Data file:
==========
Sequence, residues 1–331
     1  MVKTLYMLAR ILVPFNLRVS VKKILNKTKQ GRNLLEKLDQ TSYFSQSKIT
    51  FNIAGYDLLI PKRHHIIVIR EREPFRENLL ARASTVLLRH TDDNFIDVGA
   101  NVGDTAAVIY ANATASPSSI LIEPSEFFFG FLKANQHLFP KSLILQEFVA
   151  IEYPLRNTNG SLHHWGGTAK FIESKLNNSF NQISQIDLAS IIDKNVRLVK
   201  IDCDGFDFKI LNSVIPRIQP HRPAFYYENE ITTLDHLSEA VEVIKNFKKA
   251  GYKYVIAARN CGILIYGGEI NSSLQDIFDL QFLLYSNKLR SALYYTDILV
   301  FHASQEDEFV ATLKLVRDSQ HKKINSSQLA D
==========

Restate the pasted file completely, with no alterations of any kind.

Sequence, residues 1–331
     1  MVKTLYMLAR ILVPFNLRVS VKKILNKTKQ GRNLLEKLDQ TSYFSQSKIT
    51  FNIAGYDLLI PKRHHIIVIR EREPFRENLL ARASTVLLRH TDDNFIDVGA
   101  NVGDTAAVIY ANATASPSSI LIEPSEFFFG FLKANQHLFP KSLILQEFVA
   151  IEYPLRNTNG SLHHWGGTAK FIESKLNNSF NQISQIDLAS IIDKNVRLVK
   201  IDCDGFDFKI LNSVIPRIQP HRPAFYYENE ITTLDHLSEA VEVIKNFKKA
   251  GYKYVIAARN CGILIYGGEI NSSLQDIFDL QFLLYSNKLR SALYYTDILV
   301  FHASQEDEFV ATLKLVRDSQ HKKINSSQLA D